I was watching BBC Breakfast News this morning when a lady came on talking about the importance of vitamin D supplementation (more accurately vitamin D3 supplementation). This is even more important over the winter months.
What the difference between D and D3?
“Vitamin D2 is the form of D that is found in fortified foods like milk, juices or cereals and D3 is the form that is synthesized by the skin when it’s exposed to the sun or (ultraviolet light/UVB). D2 (ergocalciferol) can be found, in some plants/fungus. D3 (cholecalciferol) is the sunlight form, and can also be obtained from animals that manufactured it through their skin, like that in fish liver. Since the body can produce this it’s actually considered a hormone and not a vitamin.” – Pam Flores
With that said, I would like to share this important information (from Nature’s Sunshine) on the importance of vitamin D.
“74% of parents know nothing about them and more than half of healthcare professionals are also unaware”
The chief medical officer for England has told the BBC she will be contacting doctors, nurses and midwives to raise concerns about vitamin D deficiency. Government guidelines recommend that certain groups, including children under five and pregnant women, should take a daily supplement.
But according to one recent study, nearly three quarters of parents and more than half of health professionals aren’t aware of the recommendations . A quarter of all toddlers in the UK are lacking Vitamin D, according to research.
Vitamin D supplements are recommended for those people at risk of deficiency, including all pregnant and breastfeeding women, children under five and the elderly, but 74% of parents know nothing about them and more than half of healthcare professionals are also unaware, the BBC said.
Dr Benjamin Jacobs, consultant paediatrician at the Royal National Orthopaedic Hospital, described the issue as a “major problem”.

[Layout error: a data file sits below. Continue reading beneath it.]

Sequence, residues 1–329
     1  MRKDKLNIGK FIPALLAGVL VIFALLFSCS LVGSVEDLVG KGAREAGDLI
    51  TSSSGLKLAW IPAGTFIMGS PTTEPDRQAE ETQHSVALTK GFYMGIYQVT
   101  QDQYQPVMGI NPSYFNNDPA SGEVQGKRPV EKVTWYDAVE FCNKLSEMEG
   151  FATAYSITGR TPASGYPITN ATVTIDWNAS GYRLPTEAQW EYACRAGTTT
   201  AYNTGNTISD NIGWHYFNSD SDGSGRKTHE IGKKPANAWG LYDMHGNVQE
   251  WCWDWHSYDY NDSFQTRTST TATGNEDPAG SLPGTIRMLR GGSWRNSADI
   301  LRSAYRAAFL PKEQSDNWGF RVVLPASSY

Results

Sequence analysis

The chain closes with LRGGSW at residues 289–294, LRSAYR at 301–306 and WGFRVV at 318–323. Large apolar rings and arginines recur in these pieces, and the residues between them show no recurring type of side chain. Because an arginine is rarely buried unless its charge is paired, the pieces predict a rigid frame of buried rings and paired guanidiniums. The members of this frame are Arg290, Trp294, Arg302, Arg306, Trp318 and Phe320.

He told BBC Breakfast: “We see about one case of rickets a month in our hospital, but that’s the very severe end of the disease.
“There are many other children who have less severe problems – muscle weakness, delay in walking, bone pains – and research indicates that in many parts of the country the majority of children have a low level of Vitamin D.”
Chief medical officer Professor Dame Sally Davies said the Government would be reviewing the issue. She said: “We know a significant proportion of people in the UK probably have inadequate levels of vitamin D in their blood. People at risk of vitamin D deficiency, including pregnant women and children under five, are already advised to take daily supplements.
” Our experts are clear -low levels of vitamin D can increase the risk of poor bone health, including rickets in young children.”
“Many health professionals such as midwives, GPs and nurses give advice on supplements, and it is crucial they continue to offer this advice as part of routine consultations and ensure disadvantaged families have access to free vitamin supplements through our Healthy Start scheme.
” It is important to raise awareness of this issue and I will be contacting health professionals on the need to prescribe and recommend vitamin D supplements to at-risk groups. The Department of Health has also asked the Scientific Advisory Committee on Nutrition to review the important issue of current dietary recommendations on vitamin D.”
The Press Association.
Best of luck!
P.S. feel free to have a read of Latest research says fair-skinned individuals need vitamin D supplementation… and more, and Vitamin D more than just “the sunshine vitamin”